For Ed Eisch, the ongoing effort to reintroduce the grayling to northern Michigan streams is nothing less than an opportunity to right what he considers a historical wrong.

After all, the fish’s demise in Michigan more than a century ago was caused by both unchecked logging that destroyed spawning grounds and unregulated fishing that further decimated grayling populations.

“I think for us to be able to bring them back would be sort of a testament to all of the good work that’s been done to restore aquatic habitats in Michigan and a testament to the high-quality streams in our state,” said Eisch, who is the fish production program manager for the Michigan Department of Natural Resources and is based out of the DNR’s Traverse City Customer Service Center.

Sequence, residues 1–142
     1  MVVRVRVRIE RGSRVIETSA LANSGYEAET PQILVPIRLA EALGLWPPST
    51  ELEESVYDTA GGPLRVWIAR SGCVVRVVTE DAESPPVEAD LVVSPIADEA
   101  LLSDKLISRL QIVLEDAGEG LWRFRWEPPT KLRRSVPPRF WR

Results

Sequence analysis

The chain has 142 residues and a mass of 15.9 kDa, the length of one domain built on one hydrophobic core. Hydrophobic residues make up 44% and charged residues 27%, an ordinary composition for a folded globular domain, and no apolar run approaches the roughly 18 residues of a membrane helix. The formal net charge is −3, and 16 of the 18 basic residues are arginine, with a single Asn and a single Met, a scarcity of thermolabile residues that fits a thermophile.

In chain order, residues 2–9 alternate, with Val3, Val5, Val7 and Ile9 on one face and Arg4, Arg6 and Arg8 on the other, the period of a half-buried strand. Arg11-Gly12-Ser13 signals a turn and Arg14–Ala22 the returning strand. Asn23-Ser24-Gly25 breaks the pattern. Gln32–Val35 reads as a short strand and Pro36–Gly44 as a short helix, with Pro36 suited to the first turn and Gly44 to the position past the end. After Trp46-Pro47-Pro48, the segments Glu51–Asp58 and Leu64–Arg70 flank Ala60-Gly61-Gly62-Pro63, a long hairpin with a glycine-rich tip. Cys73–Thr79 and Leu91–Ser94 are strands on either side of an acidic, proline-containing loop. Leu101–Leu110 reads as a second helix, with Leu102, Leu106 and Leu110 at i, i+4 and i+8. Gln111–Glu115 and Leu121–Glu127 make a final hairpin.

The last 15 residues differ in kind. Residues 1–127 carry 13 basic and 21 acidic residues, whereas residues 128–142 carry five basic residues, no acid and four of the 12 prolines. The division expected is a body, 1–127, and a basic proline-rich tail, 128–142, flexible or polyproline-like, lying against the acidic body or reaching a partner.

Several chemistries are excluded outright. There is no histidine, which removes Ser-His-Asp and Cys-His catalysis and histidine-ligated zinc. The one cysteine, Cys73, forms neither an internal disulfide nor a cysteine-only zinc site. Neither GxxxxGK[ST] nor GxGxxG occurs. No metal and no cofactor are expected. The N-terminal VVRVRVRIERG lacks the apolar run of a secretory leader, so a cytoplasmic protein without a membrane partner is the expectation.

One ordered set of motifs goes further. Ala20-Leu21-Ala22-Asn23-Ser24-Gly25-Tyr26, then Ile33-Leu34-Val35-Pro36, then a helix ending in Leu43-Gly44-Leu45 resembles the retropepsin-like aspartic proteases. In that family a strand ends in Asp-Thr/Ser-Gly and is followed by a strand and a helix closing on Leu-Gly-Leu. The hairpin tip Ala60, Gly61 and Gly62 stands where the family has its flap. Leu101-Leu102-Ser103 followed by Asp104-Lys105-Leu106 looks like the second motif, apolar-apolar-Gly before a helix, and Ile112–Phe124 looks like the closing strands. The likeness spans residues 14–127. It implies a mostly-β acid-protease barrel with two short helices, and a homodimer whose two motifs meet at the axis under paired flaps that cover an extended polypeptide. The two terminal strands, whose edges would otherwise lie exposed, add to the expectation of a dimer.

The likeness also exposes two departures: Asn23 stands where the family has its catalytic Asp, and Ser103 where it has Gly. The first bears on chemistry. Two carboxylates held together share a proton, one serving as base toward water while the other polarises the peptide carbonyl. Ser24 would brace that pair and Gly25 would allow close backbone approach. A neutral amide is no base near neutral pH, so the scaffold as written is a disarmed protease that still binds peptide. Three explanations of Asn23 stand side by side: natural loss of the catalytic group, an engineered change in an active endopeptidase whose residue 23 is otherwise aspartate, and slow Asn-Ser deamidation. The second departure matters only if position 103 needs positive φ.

Armed with modern-day scientific techniques and knowledge, Eisch and other biologists are heading what figures to be a years-long effort to return the native species to Michigan waters.

Not since the late 1800s has the iridescent fish with the distinctive sail-shaped dorsal fin roamed the Lower Peninsula’s coldwater streams, where it was the dominant salmonid and also served as the namesake for the Crawford County seat in northern Michigan.

“We’re trying to restore something in the state that’s been lost for nearly 150 years,” said Troy Zorn, a Marquette-based fisheries research biologist specialist for the DNR. “I think as much as anything, it’s a piece of our state’s history and natural heritage. I think the idea of bringing some of that back here is kind of a homecoming, an opportunity to restore something that’s been lost.” Continue Reading >